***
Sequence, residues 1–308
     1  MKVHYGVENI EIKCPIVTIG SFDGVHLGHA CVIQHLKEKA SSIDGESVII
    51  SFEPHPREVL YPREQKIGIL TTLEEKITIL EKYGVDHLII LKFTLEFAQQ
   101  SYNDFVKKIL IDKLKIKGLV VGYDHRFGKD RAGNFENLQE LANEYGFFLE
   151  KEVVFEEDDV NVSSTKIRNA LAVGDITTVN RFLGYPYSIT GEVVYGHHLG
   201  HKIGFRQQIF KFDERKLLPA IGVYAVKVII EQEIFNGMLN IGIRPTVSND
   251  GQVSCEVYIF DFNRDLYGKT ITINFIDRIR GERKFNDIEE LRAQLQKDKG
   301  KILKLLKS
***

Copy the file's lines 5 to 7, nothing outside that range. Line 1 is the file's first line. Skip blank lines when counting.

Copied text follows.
   151  KEVVFEEDDV NVSSTKIRNA LAVGDITTVN RFLGYPYSIT GEVVYGHHLG
   201  HKIGFRQQIF KFDERKLLPA IGVYAVKVII EQEIFNGMLN IGIRPTVSND
   251  GQVSCEVYIF DFNRDLYGKT ITINFIDRIR GERKFNDIEE LRAQLQKDKG